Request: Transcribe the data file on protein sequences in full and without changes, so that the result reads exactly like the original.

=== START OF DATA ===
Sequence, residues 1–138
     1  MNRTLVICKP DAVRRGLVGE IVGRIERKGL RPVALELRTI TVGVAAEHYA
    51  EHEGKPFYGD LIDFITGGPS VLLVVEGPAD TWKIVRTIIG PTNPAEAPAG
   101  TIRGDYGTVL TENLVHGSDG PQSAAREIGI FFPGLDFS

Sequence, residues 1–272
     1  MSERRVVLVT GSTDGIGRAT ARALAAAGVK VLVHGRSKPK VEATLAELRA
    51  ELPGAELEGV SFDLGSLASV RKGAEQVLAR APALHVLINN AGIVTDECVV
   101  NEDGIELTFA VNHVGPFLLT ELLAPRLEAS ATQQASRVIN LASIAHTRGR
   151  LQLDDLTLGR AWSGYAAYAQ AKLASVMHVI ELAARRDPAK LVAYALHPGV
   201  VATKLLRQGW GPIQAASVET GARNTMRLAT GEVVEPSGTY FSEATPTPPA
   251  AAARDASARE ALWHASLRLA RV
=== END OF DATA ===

Sequence, residues 1–138
     1  MNRTLVICKP DAVRRGLVGE IVGRIERKGL RPVALELRTI TVGVAAEHYA
    51  EHEGKPFYGD LIDFITGGPS VLLVVEGPAD TWKIVRTIIG PTNPAEAPAG
   101  TIRGDYGTVL TENLVHGSDG PQSAAREIGI FFPGLDFS

Sequence, residues 1–272
     1  MSERRVVLVT GSTDGIGRAT ARALAAAGVK VLVHGRSKPK VEATLAELRA
    51  ELPGAELEGV SFDLGSLASV RKGAEQVLAR APALHVLINN AGIVTDECVV
   101  NEDGIELTFA VNHVGPFLLT ELLAPRLEAS ATQQASRVIN LASIAHTRGR
   151  LQLDDLTLGR AWSGYAAYAQ AKLASVMHVI ELAARRDPAK LVAYALHPGV
   201  VATKLLRQGW GPIQAASVET GARNTMRLAT GEVVEPSGTY FSEATPTPPA
   251  AAARDASARE ALWHASLRLA RV